Our team will continue to grow in the coming weeks, and we’ll also be collaborating closely with our editorial colleagues across New Statesman Media Group. In fact, we’re launching a whole network of new publications, covering topics such as the clean energy transition, foreign direct investment, technology, banks and more. Many of these sectors will frequently overlap with our cities coverage, and a key part of our plan is make the most of the expertise that all of these newsrooms combined will bring to bear on our journalism.

Please visit citymonitor.ai going forward, where you can also sign up for our free email newsletter.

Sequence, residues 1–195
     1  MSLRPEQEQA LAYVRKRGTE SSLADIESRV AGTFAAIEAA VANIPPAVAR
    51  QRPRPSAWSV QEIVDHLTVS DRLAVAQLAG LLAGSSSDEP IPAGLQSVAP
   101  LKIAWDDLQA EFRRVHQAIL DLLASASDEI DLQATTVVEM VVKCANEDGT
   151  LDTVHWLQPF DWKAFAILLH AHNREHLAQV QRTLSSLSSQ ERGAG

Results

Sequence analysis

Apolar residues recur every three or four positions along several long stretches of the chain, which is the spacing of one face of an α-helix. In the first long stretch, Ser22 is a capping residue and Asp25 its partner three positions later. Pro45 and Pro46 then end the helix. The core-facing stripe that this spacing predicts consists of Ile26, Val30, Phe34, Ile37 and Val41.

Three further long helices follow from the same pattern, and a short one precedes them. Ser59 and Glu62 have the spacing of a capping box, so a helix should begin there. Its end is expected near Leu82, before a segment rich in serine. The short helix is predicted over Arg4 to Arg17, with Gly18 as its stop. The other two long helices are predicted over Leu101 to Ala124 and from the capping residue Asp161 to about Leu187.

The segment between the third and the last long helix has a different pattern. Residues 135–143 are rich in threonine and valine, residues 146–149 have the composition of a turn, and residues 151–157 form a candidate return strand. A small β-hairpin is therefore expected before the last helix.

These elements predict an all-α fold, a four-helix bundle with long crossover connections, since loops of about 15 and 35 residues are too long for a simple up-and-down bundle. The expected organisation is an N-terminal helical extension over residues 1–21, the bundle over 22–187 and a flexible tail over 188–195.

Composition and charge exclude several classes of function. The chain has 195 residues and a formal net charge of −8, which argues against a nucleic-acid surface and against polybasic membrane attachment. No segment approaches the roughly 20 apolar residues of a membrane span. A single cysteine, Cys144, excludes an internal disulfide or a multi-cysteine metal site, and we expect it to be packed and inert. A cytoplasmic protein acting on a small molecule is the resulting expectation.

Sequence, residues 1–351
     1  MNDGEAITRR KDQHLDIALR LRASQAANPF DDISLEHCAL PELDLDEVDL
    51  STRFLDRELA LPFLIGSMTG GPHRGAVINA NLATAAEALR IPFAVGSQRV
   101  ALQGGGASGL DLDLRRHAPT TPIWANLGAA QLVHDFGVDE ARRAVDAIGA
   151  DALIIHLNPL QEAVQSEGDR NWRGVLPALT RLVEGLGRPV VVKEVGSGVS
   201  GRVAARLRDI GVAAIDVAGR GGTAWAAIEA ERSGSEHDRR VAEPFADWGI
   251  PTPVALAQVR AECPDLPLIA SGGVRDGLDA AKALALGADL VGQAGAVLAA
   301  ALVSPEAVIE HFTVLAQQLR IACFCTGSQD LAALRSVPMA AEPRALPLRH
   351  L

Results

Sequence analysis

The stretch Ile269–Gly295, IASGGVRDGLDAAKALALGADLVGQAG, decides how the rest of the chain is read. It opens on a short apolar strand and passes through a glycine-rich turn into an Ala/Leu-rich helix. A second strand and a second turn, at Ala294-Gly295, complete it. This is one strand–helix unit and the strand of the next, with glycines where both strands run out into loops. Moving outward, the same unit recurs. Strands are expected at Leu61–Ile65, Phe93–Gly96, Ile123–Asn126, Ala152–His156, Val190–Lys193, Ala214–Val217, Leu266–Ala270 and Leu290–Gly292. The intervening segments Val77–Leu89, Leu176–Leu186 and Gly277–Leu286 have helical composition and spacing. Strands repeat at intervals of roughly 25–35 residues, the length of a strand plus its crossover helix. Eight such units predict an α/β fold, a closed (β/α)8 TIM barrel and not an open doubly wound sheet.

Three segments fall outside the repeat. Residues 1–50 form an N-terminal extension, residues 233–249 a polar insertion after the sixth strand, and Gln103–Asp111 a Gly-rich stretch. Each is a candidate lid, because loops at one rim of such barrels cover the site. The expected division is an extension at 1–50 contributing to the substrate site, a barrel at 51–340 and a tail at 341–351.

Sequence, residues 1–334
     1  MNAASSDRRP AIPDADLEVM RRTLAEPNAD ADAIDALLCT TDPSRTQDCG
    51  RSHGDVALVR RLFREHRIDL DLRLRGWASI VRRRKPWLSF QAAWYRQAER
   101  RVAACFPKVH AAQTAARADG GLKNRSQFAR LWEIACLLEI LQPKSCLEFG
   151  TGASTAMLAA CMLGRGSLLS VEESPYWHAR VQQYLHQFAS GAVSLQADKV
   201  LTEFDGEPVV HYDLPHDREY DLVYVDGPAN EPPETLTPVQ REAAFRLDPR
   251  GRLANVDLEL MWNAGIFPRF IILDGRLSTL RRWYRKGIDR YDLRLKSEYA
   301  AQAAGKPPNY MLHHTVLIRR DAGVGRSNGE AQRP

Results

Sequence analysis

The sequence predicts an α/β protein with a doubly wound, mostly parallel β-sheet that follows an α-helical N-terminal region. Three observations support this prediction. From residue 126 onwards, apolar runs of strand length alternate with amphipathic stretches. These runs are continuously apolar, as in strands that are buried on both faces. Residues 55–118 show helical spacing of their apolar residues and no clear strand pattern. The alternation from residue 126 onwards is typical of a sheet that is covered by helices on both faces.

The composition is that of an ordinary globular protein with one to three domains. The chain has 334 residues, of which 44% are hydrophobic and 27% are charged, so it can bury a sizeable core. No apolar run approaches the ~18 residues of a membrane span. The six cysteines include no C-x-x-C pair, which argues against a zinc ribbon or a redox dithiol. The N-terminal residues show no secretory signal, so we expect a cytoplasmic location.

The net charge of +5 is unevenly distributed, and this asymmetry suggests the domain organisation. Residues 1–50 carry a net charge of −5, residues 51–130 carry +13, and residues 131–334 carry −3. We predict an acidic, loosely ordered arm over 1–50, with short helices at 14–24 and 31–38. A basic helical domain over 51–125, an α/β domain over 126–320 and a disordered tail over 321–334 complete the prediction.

As for CityMetric, some of its archives have already been moved over to the new website, and the rest will follow not long after. If you’re looking for a favourite piece from CityMetric’s past, for a time you’ll still be able to find it here, but before long the whole archive will move over to City Monitor.

On behalf of the City Monitor team, I’m thrilled to invite you to come along for the ride at our new digs. You can follow City Monitor on LinkedIn and on Twitter. If you’re interested in learning more about the potential for a commercial partnership with City Monitor, please get in touch with our director of partnerships, Joe Maughan.

I want to thank and congratulate Jonn Elledge on a brilliant run. Everything we do from here on out will be building on the legacy of his work, and the community that he built here at CityMetric. Cheers, Jonn!

To our readers, on behalf of the City Monitor team, thank you from all of us for being such loyal CityMetric fans. We couldn’t have done any of this without you.

Sommer Mathis is editor-in-chief of City Monitor.